Jewish women baking challah for the Sabbath offer up a bit of the dough. Hindu women preparing meals for their families offer up a serving of each dish as part of prasadam. Kwakiutl women would offer up thanks to the cedar tree when removing bark for household use.
We humans have a long history, all the way back to burnt sacrifices, of offering up gifts to the gods we serve. It is coded in our genes; it is coded in our belief systems.
I was thinking about this several nights ago as I was trying to fall asleep. It been one of those out of sync days when nothing went really wrong but nothing felt really right either. Warren and I had unintentionally grated on each other's nerves more than once. The chores I had meant to do were still waiting. Now it was Sunday night with the week looming ahead and I had accomplished nothing.
You know, that kind of day.
As I lay in bed that night, I tried to put myself in a better frame of mind so I could fall asleep. As Warren brushed his teeth, I thought of all the wonderful qualities he brings to our marriage.
It didn't matter; I was still irritated.
As he turned out the light and the darkness settled over our uneasy quiet, I moved to my blessings list and tried to start through the alphabet, hoping my heart would take over and lift my mood.
I lay there in the dark thinking, "I should be offering up all the gifts of my day, offering up a prayer of gratitude that I am so blessed."
But I wasn't offering that up. All I was offering up was a tangled knot of frustration. It felt like a soggy ball of poorly wound string. All I was offering up was a chewed up wad of gum stuck back in the wrapper but not yet tossed in the trash. All I was offering up was dust bunnies, the big, fat, hairy ones beneath the bedroom dresser that no one has swept under for way too long.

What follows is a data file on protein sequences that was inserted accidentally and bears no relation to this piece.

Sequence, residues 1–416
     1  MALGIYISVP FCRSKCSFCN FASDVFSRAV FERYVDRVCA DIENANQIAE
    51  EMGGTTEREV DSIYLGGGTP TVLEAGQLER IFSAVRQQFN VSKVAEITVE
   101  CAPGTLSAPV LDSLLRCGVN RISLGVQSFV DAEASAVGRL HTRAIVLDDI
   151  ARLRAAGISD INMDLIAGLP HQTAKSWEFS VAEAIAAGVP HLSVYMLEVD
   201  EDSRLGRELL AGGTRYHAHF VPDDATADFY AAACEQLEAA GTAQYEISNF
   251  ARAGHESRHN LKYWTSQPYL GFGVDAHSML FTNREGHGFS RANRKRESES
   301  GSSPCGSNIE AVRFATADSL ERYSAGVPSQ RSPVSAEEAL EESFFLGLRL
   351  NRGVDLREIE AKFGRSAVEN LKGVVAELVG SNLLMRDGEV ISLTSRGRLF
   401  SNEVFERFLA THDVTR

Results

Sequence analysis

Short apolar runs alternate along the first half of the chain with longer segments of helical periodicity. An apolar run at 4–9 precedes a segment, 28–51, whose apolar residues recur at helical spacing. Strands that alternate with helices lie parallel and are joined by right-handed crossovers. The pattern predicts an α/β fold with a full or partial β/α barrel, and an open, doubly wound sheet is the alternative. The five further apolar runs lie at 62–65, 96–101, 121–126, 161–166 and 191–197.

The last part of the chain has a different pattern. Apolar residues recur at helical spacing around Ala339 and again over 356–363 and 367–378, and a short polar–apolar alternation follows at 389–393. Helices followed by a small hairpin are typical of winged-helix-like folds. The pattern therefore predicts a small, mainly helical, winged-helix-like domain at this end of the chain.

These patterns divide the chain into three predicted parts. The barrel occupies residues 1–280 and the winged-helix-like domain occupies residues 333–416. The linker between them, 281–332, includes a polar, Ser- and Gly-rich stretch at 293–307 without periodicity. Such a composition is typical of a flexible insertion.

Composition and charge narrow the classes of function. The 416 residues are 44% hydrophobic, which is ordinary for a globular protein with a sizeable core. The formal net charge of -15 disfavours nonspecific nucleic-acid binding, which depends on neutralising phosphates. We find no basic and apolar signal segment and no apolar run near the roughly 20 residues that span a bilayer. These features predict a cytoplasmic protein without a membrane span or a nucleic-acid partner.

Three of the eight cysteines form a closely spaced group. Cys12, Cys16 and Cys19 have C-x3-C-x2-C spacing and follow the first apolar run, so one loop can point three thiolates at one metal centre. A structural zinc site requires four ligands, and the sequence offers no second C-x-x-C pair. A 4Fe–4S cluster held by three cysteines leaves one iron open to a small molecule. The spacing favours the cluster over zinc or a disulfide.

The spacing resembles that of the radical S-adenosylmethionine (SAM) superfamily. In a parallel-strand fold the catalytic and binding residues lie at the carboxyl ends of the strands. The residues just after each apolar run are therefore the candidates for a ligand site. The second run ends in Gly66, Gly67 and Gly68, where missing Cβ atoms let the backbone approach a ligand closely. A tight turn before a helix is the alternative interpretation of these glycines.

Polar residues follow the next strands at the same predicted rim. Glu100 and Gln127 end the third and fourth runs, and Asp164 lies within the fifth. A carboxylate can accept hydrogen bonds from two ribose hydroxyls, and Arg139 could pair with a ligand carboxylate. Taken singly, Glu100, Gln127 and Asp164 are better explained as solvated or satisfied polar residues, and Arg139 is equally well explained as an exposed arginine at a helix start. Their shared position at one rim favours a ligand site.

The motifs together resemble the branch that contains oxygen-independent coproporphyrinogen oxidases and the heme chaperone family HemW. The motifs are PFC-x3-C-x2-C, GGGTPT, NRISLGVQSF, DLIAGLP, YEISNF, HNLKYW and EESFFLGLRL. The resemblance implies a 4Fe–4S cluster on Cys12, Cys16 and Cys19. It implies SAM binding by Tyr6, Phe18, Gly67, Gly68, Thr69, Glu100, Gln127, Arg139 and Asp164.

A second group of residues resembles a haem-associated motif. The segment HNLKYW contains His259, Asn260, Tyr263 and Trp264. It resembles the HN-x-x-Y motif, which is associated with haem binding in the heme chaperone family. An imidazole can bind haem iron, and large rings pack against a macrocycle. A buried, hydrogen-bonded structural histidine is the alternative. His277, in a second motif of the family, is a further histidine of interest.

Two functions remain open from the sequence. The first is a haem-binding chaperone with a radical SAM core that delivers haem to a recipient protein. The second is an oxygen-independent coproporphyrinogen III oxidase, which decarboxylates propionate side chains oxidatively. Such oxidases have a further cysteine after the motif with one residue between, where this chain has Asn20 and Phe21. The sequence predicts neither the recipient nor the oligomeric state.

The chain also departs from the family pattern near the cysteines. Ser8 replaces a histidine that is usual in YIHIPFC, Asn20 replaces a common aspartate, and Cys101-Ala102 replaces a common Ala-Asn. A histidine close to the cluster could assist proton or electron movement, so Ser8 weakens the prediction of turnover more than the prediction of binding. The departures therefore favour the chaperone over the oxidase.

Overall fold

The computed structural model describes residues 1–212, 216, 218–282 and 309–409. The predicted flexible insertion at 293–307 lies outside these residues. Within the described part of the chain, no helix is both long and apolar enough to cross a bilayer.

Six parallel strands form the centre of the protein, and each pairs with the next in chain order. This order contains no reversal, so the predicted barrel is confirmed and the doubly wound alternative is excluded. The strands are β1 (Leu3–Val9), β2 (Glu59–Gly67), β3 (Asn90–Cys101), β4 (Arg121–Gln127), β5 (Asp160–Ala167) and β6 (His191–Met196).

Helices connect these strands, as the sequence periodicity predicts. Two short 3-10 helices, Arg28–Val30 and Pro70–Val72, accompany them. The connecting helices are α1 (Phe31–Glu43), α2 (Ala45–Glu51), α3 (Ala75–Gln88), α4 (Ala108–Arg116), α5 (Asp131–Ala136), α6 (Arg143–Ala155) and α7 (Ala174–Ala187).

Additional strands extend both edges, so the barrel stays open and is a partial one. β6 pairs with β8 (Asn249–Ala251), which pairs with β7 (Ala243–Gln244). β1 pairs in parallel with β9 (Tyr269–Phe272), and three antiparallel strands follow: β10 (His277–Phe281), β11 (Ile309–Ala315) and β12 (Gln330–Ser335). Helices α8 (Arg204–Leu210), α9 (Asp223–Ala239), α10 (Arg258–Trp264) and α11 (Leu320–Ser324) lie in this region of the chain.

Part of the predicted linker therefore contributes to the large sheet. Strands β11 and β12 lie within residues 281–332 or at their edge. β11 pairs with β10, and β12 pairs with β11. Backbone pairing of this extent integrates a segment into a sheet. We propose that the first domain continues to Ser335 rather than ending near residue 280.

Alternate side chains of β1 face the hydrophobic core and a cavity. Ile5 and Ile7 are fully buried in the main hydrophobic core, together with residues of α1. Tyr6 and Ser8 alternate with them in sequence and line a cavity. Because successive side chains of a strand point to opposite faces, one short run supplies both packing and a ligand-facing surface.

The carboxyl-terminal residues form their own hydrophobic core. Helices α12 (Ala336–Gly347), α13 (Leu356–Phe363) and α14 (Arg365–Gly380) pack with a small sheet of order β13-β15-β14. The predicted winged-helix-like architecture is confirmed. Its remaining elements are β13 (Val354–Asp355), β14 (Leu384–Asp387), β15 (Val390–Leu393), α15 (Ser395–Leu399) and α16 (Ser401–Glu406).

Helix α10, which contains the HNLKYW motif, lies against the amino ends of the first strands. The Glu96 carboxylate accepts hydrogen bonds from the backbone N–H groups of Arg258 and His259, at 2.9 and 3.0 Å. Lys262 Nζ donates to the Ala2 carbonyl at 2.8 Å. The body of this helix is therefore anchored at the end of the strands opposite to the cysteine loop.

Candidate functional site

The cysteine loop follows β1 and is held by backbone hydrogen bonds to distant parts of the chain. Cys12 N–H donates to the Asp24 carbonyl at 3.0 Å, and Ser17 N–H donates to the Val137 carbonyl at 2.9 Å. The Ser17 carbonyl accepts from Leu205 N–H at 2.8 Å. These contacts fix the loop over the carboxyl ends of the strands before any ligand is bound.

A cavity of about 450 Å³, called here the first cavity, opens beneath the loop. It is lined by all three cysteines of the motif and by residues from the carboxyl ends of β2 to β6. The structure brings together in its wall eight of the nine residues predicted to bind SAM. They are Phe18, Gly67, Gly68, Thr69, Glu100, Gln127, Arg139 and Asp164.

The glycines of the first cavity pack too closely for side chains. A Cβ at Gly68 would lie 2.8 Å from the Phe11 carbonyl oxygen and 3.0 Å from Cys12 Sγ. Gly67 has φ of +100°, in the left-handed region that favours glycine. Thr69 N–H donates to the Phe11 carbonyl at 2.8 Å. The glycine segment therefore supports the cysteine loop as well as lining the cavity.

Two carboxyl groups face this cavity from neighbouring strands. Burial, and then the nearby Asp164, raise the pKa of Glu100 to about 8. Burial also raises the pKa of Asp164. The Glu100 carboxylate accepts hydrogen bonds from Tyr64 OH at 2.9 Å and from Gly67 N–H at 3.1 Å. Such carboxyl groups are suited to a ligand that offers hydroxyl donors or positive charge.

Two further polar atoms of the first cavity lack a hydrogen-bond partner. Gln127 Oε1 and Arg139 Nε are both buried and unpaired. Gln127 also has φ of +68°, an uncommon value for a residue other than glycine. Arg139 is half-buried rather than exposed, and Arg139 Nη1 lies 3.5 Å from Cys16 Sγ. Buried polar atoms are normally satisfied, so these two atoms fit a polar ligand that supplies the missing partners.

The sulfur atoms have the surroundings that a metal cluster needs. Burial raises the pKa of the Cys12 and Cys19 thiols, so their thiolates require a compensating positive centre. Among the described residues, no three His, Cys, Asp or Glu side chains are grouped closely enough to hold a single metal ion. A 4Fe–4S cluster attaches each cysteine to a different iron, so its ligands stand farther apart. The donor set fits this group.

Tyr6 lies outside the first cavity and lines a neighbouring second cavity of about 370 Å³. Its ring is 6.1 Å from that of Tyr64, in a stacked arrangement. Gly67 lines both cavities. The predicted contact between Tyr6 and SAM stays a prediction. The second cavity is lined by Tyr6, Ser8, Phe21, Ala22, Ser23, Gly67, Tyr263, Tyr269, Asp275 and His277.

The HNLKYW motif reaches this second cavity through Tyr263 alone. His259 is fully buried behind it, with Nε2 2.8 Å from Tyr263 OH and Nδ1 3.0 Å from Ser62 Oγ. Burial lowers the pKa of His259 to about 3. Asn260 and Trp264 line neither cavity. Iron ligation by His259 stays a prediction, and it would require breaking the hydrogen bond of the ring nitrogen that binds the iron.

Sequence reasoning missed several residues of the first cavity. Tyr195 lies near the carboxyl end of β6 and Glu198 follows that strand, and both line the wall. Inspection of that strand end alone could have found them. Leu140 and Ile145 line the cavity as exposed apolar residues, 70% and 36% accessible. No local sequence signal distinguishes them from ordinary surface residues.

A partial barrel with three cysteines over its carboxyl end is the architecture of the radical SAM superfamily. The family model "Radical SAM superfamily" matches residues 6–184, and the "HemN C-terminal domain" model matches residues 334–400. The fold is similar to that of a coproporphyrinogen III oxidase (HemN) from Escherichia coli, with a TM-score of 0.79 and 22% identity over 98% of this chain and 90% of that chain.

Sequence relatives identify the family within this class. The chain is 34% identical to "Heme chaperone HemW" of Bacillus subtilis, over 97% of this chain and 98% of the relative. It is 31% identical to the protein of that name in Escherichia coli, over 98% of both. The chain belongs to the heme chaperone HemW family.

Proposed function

In the midst of all my blessings, I was offering up dust bunnies and wadded up gum bits. Those were the best I could come up with when I emptied out my spiritual pockets for the day.
But you know what? As I thought about offering up the soggy, knotted string, I relaxed. As I visualized the overgrown dust bunnies, I breathed deeper. And by the time I imagined laying down the wadded up gum wrapper as my offering, I was at peace.
Sometimes the best we can do is offer up the scraps and shards of our day. Sometimes we come to God with a dirty dishtowel and a stale doughnut in hand, and then stand there, scuffing our toes in embarrassment at our paltry offerings.
God takes it all the same. Takes it even though it is a torn bit of paper, or a torn piece of our heart. Takes it even though it is a knotted bit of string, or a knotted worry. Takes it even though it is a wadded up scrap of gum, or a wadded up hope. God takes those scraps and bits and discards from us and patiently reassures us they are acceptable.
They're acceptable even though they are torn and dirty.
They're acceptable even though they are bits and scraps.
They're acceptable even though it is all we think we have.
The other night, I offered up my dust bunnies and my knots and my gum wrappers. I offered up my petty irritations and annoyances. I offered up my less than grateful heart and my less than comforted soul.
And then I slept. Because it was all acceptable.
I am joining up with Deidra and Michelle this week!